Ross-Gordon (2003) contends that transformative learning theory is an alternative to the andragogical paradigm of adult learning. Within the last few decades, transformation learning is taking a forefront in the adult teaching and learning environments. Due to its nature, online learning by means of both synchronous and asynchronous aspects of learner interaction, may enhance learning and change self-concept through processes of meaning making (Baumgartner, 2001). Transformative Learning TheoryInitial development of a second andragogical learning paradigm—transformative learning theory—began in the 1970’s (Kitchenham, 2008). Early on, a number of scholars (as cited in Taylor, 2007, 2008) studied concepts of the transformational learning process. However, Mezirow’s work in transformative learning is currently the model most used (Kitchenham, 2008). Mezirow’s transformative learning theory (Kitchenham, 2008; Meizirow, 1997; Taylor, 2007, 2008) centers on four types of learning and is contingent upon a disorienting event that positions the learner for critical self-reflection, reflective discourse (dialogue about that which is transpiring through the self-reflective process), which ultimately leads to a transformative change in the learner’s self-concept through the process of meaning making. Interestingly, (Merriam, 2004) asserts that the transformational learning model is closely tied to cognitive development and is only applicable to its fullest extent, in those who have reached intellectual maturity, determined to be around thirty years of age.Challenges for Online LearningReflection and dialogue: In reviewing learning paradigms and effective online education for adult learners… Reflect on your personal values and beliefs of effective teaching paradigms. Reflect on the teaching philosophy/beliefs of the parent institution. Discuss consistencies and inconsistencies in your beliefs and those of the parent institution. Identify how, or would you alter your teaching style, knowing there are differences/or consistencies in your philosophy vs. the parent institution? Note. Transformational learning theory is foundational to the nursing program to which all nursing faculty are a part; these theories are topics for future teacher workshops.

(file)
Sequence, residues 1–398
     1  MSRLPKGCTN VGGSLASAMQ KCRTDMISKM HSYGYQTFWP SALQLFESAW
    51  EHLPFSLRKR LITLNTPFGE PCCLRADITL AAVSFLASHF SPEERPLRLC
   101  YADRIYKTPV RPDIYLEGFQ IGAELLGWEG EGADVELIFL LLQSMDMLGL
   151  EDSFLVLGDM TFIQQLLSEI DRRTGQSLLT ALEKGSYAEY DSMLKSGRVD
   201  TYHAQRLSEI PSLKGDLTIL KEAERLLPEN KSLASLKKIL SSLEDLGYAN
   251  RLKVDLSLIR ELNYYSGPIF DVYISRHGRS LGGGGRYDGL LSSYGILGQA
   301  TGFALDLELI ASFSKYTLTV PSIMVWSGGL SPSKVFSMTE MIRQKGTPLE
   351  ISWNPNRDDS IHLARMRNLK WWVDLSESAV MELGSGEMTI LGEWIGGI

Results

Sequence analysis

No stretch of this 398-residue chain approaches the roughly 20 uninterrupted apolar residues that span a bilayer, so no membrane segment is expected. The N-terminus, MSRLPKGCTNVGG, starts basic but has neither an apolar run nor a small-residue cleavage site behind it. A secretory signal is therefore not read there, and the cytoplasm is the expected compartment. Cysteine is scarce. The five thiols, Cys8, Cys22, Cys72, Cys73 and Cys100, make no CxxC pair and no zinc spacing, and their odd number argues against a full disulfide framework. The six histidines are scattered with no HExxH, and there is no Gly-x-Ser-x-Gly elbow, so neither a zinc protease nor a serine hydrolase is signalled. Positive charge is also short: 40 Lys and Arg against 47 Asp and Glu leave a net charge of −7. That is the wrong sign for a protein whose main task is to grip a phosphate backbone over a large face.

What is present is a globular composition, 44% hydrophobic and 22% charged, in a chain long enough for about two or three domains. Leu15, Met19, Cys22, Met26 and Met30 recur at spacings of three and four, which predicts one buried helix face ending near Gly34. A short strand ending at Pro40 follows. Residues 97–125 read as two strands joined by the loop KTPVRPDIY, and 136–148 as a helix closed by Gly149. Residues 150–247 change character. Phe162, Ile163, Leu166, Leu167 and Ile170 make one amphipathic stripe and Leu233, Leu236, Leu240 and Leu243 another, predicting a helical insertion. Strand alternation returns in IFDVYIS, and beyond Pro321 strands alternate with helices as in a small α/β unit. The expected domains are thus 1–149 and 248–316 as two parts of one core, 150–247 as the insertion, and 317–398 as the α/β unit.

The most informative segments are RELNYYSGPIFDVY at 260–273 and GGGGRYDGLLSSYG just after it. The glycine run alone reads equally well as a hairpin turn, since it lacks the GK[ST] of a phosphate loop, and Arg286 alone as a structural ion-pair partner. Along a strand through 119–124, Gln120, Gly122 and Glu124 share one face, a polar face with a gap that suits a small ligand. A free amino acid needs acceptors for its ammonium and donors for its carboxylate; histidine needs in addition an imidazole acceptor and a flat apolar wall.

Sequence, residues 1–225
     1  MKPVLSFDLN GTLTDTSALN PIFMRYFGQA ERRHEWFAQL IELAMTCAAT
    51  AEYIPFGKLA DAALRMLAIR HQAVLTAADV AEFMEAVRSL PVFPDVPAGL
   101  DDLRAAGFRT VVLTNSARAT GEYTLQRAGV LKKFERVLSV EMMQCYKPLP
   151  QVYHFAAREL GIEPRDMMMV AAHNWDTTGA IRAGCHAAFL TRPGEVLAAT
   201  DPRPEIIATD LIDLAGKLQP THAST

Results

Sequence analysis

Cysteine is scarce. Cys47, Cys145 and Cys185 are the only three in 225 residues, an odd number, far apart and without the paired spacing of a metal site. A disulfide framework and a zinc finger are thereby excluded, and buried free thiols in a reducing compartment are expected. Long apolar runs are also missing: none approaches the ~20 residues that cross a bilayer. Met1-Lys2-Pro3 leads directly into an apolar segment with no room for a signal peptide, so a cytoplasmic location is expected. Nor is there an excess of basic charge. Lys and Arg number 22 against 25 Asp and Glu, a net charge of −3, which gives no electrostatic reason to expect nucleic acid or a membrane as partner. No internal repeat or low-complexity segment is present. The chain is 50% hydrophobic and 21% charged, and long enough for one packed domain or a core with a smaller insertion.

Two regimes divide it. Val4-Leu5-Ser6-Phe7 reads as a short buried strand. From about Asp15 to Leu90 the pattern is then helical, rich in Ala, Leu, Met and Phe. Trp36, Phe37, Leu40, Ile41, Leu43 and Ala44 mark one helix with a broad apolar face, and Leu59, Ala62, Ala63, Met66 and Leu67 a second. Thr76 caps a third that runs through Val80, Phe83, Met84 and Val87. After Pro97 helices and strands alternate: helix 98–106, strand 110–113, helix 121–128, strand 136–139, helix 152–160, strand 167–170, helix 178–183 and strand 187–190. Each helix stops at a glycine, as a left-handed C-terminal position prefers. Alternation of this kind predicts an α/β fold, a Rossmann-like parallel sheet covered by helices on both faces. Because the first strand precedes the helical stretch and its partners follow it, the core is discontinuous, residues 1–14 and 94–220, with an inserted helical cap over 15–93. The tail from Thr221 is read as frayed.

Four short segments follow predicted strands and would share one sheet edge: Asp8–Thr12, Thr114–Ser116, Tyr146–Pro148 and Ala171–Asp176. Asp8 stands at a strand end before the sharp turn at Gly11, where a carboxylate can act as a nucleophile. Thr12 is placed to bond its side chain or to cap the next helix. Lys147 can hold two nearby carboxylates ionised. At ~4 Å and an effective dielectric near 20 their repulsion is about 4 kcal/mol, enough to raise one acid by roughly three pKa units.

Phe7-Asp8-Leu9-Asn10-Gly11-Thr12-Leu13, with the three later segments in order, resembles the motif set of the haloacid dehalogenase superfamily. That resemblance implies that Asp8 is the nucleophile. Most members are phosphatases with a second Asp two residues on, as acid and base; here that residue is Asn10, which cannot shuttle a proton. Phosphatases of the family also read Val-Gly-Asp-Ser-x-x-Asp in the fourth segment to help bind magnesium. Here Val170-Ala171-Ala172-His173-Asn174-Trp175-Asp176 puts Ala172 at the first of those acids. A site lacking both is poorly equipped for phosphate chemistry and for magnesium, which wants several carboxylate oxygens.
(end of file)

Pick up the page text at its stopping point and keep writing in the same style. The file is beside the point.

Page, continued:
From a personal perspective, consider what it means to teach in on online environment.Desai, Hart& Richards(2008) compares traditional face-to-face learning with that of online environments stating: Traditional learning provides synchronous communication… [and is] linear in a sequential pattern. It is structured by time and the environment is closed. ...bound [by] textbooks [that] tends to filter reality and fosters sameness/stability. [Conversely,] …online learning provides asynchronous and synchronous communication. Learning is non-linear in a hyper textual pattern. It is independent of time and has an open environment. Online learning is usually very structured with a sensory of vastness that generates reality and fosters growth/change. (P. 331) Ross-Gordon’s (2003) research on adult learners provide significant insight into several key areas that enhance effective teaching that include:Provide opportunities for adults to exercise self-direction in identifying personal goals, selection of learning strategies, and modes of assessment. Develop the learner’s sense of satisfaction and accomplishment by providing learner-centered instructional activities, personalized instruction, relating course material to student experience, assessing student needs, and maintaining flexibility for personal development. Consider characteristics of adult learners that includes cultural factors, including those with marginalized backgrounds. Instructional content must be relevant to real-life situations, and offer potential for immediate application. Recognize and foster relationships between academic learning and learning in the larger world. Recognize that cognitive development continues well into adulthood.Adult learners require support for apprehension expressed about abilities to learn. Create early opportunities for success to generate confidence; provide information about courses and workshops that enhance self-awareness as learners; create opportunities to improve academic learning strategies.Be sensitive to individual differences. Adult students want professors who understand their circumstances that include learning style, gender, culture/racial background; yet, avoiding over-generalizations and stereotypes. (Pp. 46-50) Challenges for Online LearningReflection and dialogue: Reflect on the key principles and concepts of adult learning that fit with, and are in opposition to your teaching style. Dialogue with peers on key insights.